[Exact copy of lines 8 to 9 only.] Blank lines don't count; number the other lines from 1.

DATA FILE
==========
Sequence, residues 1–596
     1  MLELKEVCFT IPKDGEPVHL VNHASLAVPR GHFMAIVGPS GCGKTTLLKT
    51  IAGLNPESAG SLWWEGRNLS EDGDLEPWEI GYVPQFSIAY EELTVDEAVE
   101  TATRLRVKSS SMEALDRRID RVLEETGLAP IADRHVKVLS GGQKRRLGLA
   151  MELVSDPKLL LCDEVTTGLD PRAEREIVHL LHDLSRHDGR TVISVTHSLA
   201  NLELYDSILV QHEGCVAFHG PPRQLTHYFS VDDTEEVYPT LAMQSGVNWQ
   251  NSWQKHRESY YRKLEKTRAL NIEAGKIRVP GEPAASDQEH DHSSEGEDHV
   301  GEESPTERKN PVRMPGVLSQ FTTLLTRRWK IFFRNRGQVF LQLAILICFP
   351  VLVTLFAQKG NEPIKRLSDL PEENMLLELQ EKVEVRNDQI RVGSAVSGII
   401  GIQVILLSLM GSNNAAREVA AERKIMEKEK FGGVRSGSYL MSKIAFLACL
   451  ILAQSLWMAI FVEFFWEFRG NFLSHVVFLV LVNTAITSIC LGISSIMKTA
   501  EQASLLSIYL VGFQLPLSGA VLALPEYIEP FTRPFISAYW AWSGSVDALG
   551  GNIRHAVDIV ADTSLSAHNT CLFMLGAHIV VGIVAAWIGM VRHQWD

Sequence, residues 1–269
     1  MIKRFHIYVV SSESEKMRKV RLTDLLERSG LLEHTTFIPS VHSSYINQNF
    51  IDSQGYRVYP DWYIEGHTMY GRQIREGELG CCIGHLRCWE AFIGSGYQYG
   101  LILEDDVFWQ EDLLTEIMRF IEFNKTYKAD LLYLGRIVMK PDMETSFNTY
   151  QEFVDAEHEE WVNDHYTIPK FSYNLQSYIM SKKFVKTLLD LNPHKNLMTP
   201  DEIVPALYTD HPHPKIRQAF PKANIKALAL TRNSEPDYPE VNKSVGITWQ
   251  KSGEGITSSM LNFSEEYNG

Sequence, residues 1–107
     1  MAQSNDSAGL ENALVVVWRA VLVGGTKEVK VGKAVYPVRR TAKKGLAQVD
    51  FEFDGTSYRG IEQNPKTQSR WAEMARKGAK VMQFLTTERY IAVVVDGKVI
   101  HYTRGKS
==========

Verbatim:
   301  GEESPTERKN PVRMPGVLSQ FTTLLTRRWK IFFRNRGQVF LQLAILICFP
   351  VLVTLFAQKG NEPIKRLSDL PEENMLLELQ EKVEVRNDQI RVGSAVSGII